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Tim's Toons: The newly wide-open animation race

Tim here. As you’ve probably heard, unless this is literally the first thing you’ve read on the internet all day, the Best Animated Feature category at the Oscars got thrown for a loop when the prohibitive frontrunner, The Lego Movie, was unexpectedly denied a nomination. In the blink of an eye, one of the most boring races suddenly turned into the most unpredictable of all 24.

So why don’t we start hacking away at the five titles, and see what we can make of them, now that we’ve suddenly got some excitement on our hands?

Directors: Don Hall (1st nomination), Chris Williams (2nd nomination)
Studio: Walt Disney Animation (8th nomination)

Nathaniel kind of liked it, I kind of liked it a bit less. Which mostly describes the reception that the film has received from everybody: nobody much dislikes the genial adventure-comedy about a boy and his charmingly soft robot, but it hasn’t inspired the kind of culture-devouring passion that Disney’s Frozen was enjoying a year ago at this point.

Path to victory: If the glow of the Disney brand name, so recently rejuvenated by Frozen’s enormous success, convinces people that this one was probably good enough to get by in an uncertain year.

Directors: Anthony Stacchi and Graham Annable (1st nomination for each)
Studio: Laika (3rd nomination, 4th if we include the pre-Laika Corpse Bride)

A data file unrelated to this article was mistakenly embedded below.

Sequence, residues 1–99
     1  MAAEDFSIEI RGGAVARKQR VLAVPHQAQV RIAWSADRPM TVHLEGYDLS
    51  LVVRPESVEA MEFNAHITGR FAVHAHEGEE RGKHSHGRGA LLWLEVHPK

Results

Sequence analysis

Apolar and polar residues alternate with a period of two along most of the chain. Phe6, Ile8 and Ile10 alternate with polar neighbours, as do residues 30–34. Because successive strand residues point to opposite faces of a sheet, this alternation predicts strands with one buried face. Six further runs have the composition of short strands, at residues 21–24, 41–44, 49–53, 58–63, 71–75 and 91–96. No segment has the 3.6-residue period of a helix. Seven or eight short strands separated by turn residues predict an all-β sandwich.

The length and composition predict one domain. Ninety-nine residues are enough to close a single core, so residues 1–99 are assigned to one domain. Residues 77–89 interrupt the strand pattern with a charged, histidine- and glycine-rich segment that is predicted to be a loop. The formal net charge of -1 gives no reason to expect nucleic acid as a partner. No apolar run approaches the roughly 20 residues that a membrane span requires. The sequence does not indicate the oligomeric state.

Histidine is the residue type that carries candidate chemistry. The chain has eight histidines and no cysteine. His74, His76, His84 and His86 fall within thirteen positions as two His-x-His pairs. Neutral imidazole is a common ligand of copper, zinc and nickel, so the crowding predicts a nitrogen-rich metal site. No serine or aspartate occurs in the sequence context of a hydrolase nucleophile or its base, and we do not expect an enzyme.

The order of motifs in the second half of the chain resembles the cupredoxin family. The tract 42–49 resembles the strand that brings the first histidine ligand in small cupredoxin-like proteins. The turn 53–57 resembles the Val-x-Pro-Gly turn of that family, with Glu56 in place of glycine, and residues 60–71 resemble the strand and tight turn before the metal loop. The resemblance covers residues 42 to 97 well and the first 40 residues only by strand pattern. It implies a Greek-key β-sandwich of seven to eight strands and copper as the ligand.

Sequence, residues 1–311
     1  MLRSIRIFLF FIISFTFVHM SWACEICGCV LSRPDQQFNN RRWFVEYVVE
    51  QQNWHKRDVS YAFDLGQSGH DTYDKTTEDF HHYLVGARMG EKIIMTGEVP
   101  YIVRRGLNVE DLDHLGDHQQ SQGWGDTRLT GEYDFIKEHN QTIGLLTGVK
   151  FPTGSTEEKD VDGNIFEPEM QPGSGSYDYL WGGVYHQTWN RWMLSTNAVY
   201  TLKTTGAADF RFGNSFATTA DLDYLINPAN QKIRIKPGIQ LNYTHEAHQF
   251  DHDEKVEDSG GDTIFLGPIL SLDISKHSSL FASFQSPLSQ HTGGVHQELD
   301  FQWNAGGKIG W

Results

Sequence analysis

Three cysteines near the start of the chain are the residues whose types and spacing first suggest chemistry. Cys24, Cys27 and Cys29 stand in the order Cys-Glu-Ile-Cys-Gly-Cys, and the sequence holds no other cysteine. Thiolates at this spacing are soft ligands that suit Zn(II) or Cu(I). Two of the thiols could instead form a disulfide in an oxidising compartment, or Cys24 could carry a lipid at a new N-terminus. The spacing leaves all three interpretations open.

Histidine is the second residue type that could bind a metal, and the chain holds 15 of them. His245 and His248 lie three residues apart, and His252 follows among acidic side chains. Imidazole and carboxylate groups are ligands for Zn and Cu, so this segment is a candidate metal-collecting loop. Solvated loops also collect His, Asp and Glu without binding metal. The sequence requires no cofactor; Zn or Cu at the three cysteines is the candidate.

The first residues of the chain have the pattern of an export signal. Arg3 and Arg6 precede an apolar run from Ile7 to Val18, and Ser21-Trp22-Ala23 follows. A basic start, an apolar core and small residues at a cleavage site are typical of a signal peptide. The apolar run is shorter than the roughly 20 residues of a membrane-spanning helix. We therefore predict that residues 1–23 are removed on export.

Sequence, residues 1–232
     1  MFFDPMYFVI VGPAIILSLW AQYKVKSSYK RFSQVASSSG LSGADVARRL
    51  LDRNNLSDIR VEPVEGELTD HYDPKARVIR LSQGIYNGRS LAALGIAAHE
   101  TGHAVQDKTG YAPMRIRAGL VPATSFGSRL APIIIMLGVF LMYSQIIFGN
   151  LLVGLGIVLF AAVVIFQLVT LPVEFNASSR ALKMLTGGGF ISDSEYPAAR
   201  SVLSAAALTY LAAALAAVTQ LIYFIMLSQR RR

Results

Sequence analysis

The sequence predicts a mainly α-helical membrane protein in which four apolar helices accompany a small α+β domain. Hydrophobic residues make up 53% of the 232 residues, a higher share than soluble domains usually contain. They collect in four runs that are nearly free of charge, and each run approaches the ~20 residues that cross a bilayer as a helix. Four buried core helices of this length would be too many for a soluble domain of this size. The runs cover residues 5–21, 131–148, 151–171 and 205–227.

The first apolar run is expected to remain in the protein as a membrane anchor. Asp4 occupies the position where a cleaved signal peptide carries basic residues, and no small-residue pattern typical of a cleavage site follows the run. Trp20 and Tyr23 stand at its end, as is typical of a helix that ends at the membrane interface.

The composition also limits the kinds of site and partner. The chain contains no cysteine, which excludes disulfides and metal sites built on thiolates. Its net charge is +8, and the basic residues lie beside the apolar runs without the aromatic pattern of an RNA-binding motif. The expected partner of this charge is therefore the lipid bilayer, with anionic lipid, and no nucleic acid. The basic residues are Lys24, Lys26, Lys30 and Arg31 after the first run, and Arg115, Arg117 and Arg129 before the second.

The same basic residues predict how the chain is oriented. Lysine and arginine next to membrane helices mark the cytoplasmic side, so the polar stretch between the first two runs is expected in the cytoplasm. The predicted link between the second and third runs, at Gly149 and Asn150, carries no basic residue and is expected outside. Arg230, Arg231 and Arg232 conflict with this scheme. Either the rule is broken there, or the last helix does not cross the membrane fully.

With The Lego Movie out of the picture, this has abruptly become the critics’ baby in the race. And it’s not an unfair position for the film, which bears its rough, handmade aesthetic with pride that shades into showing-off. Those of us who love stop-motion animation really love it, and the studio has done an outstanding job of positioning itself as the home for high-tech revisions to the most ancient of animation forms. The Boxtrolls is certainly not their most sophisticated piece of storytelling, but it’s a technical masterwork. For more praise, check out this top 10.

Path to victory: It’s in a great position to do some of the "look at our wonderfully fussy homey craftsmanship" campaigning that Laika does so well, and CEO Travis Knight has deep pockets. The film will have to work for it, but it’s work that I think can be done.


Director: Dean DeBlois (3rd nomination)
Studio: DreamWorks Animation (11th nomination)

A sequel that many people liked and only some people particularly loved. A lot of that is the side effect of having two movies' worth of plot crushed down into one, cramping things and having unfortunate repercussions in the department of making Cate Blanchett's awesome character feel like an afterthought. It's also a little too desperate to make things feel grander and more epic, at the expense of the character-driven charm of the first. Still...

Path to victory: feels like the default pick, right? DreamWorks proper hasn't won since the category's very first year in 2001, and voting for HTTYD2 can retroactively feel like rewarding the original, which surely would have won against any competition less fierce than Toy Story 3. The box office and the critics are fine without being in any way exceptional, though, so this is less the one that's surely going to take the Oscar, than the one that only takes the Oscar if nobody else can be bothered.